Southeast Fire Centre bans campfires

Fire danger rating high to extreme throughout the region.

The BC Wildfire Service sent an initial attack crew to battle a small forest fire near Kimberley today.

There are two other fires burning in the East Kootenay, both are under control, but hot and dry weather conditions are putting officials on edge.

“We are anticipating the fire season to get going in our zone,” said Carlee Kachman, fire information officer with the BC Wildfire Service. “It is already happening in other zones throughout the province.”

With over 180 fires burning across the province, the BC Wildfire Service has issued a campfire ban within the Southeast Fire Centre to help prevent human-caused wildfires.

The ban was issued July 7 and covers the area extending from the U.S. border in the south to Mica Dam in the north and from the Okanagan Highlands and Monashee Mountains in the west to the B.C.-Alberta border in the east. It includes the Selkirk Natural Resource District and the Rocky Mountain Natural Resource District.

The campfire ban will remain in place until the public is otherwise notified.

The region is experiencing dry conditions and fire danger ratings are high. With forest fuels drying out and lightning storms in the weather forecast, it is crucial to decrease the risk of human-caused wildfires so firefighters can concentrate on naturally occurring wildfires in the region.

Prohibitions on larger Category 2 and Category 3 open fires are already in effect throughout the Southeast Fire Centre.

To learn about the differences between campfires, Category 2 open fires and Category 3 open fires, visit: www.gov.bc.ca/wildfirebans or review the open fire regulations poster at: www.gov.bc.ca/openfireregs

Specifically, prohibited activities once the campfire ban takes effect will include:

• stubble or grass fires of any size over any area.

• the use of fireworks, sky lanterns, tiki torches, chimneys, burning barrels or burning cages of any size or description.

• the use of binary exploding targets (e.g. for target practice).

• the use of air curtain burners (forced air burning systems).

These prohibitions do not apply to cooking stoves that use gas, propane or briquettes, or to a portable campfire apparatus with a CSA or ULC rating that uses briquettes, liquid or gaseous fuel – so long as the height of the flame is less than 15 centimetres. The use of a campfire apparatus that does not meet these specifications is prohibited.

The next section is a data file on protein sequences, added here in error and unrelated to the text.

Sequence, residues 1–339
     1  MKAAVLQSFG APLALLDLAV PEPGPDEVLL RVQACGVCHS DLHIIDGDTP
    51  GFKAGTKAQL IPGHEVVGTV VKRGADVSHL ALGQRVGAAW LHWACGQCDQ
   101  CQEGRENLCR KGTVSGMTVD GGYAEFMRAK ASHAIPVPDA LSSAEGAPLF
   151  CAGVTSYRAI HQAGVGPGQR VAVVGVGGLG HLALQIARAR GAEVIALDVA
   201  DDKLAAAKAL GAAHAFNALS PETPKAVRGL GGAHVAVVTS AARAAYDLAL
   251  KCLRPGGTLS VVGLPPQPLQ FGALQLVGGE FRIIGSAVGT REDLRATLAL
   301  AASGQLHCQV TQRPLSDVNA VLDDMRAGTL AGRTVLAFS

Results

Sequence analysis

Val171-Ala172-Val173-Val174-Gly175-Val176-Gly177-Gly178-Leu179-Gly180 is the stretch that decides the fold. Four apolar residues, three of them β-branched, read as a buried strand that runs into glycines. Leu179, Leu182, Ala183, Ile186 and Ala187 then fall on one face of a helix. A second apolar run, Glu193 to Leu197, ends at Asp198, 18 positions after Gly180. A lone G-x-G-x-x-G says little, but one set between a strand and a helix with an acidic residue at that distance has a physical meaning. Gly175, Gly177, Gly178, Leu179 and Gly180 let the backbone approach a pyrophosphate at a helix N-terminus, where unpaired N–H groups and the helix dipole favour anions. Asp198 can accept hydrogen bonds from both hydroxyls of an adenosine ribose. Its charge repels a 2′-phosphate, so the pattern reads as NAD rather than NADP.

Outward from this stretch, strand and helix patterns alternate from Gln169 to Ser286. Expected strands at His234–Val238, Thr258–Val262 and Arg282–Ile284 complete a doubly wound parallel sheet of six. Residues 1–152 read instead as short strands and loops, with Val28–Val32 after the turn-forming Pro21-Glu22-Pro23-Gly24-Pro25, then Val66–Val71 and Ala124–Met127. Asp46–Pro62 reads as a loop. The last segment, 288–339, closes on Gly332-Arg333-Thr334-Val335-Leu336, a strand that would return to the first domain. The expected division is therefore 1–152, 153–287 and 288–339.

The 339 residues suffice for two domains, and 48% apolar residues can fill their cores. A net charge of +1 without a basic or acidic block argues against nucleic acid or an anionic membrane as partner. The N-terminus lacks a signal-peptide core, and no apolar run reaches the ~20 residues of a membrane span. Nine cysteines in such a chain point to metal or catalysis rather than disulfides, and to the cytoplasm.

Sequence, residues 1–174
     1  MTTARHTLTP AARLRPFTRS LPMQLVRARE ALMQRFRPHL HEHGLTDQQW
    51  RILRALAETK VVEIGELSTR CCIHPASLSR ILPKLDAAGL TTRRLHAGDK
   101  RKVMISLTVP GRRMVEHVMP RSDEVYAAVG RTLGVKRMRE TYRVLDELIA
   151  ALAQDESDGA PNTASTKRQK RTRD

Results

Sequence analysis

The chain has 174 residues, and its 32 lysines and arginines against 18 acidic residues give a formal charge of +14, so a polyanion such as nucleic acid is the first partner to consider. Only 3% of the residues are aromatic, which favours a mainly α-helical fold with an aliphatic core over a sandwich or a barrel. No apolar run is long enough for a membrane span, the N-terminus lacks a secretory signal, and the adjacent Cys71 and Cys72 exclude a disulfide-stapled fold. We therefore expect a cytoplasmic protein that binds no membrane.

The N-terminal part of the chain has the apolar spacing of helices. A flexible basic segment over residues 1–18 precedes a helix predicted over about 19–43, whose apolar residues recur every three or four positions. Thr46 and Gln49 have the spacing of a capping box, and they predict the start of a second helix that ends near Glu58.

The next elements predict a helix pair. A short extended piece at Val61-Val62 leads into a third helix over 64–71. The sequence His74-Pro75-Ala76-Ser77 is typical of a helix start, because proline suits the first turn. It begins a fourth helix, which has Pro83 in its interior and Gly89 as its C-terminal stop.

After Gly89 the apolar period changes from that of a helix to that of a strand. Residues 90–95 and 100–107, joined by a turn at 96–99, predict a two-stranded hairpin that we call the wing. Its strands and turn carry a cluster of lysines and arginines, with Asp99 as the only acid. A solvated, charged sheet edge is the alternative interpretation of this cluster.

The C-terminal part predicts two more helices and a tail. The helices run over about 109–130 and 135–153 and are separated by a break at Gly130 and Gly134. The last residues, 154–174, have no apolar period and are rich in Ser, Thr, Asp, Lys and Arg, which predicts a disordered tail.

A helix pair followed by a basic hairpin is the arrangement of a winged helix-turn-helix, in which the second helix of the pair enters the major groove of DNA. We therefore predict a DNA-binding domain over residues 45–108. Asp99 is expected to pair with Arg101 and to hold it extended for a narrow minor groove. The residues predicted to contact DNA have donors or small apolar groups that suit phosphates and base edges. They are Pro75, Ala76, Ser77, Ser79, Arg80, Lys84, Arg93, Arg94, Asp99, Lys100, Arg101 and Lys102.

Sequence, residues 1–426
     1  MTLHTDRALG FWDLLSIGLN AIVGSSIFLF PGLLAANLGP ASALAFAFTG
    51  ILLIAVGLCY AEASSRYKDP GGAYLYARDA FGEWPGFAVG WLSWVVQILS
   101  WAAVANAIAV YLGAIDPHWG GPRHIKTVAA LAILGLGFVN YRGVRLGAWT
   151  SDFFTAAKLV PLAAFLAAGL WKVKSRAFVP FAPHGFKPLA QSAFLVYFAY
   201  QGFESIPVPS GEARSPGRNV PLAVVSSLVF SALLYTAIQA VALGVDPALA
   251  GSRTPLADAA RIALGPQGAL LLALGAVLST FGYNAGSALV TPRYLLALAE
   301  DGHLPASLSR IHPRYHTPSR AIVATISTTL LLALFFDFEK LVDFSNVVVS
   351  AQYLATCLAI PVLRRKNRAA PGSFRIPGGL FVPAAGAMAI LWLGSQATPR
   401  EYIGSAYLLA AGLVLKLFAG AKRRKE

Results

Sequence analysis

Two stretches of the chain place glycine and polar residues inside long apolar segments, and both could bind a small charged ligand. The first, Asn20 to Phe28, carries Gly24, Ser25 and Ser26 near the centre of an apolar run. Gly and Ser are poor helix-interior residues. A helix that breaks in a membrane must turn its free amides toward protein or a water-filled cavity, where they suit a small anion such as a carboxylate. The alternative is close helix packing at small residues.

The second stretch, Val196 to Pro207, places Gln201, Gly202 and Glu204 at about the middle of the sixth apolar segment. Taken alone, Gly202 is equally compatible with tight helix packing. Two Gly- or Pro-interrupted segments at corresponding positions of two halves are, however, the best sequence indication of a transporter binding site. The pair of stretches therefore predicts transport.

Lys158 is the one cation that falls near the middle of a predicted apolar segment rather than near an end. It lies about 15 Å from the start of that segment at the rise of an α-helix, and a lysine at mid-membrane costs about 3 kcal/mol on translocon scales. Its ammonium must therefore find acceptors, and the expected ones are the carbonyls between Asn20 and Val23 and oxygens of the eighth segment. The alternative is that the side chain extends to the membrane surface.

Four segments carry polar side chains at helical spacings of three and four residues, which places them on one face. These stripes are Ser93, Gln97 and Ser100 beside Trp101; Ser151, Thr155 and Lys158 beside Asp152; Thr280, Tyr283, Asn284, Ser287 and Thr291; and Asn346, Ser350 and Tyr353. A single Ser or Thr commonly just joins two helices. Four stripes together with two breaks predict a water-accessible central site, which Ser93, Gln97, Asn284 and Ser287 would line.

These prohibitions cover all BC Parks, Crown lands and private lands, but do not apply within the boundaries of a local government that has forest fire prevention bylaws and is serviced by a fire department. Always check with local authorities to see if any other burning restrictions are in place before lighting any fire.

The Southeast Fire Centre covers the area extending from the U.S. border in the south to Mica Dam in the north and from the Okanagan Highlands and Monashee Mountains in the west to the B.C.-Alberta border in the east. It includes the Selkirk Natural Resource District and the Rocky Mountain Natural Resource District.

Anyone found in contravention of an open burning prohibition may be issued a ticket for $1,150, required to pay an administrative penalty of $10,000 or, if convicted in court, fined up to $100,000 and/or sentenced to one year in jail. If the contravention causes or contributes to a wildfire, the person responsible may be ordered to pay all firefighting and associated costs.

To report a wildfire or open burning violation, call 1 800 663-5555 toll-free or *5555 on a cellphone.

Yesterday, Todd Stone, Minister of Transportation and Infrastructure and Minister responsible for Emergency Management BC, announced a provincial state of emergency in response to province’s wildfire situation.

Yesterday, there were 56 new wildfires started throughout the province. Evacuation alerts and orders were issued for Ashcroft, Cache Creek and Princeton. These were in addition to the evacuation orders and alerts issued previously for 105 Mile House and 108 Mile House. The extended weather forecast is calling for continued hot, dry weather, with risks of thunderstorms in many parts of the province.

“This is an urgent situation and public safety is the top priority,” said Stone in a statement. “The province will continue to keep the public informed in this rapidly evolving situation.”

The state of emergency gives agencies such as Emergency Management BC, the Fire Commissioner, the Ministry of Forests, Lands and Natural Resource Operations and the RCMP authority under the Emergency Program Act to take every action necessary to fight these wildfires and protect residents and their communities.

The last provincial declaration of state of emergency was issued because of wildfires in August 2003.

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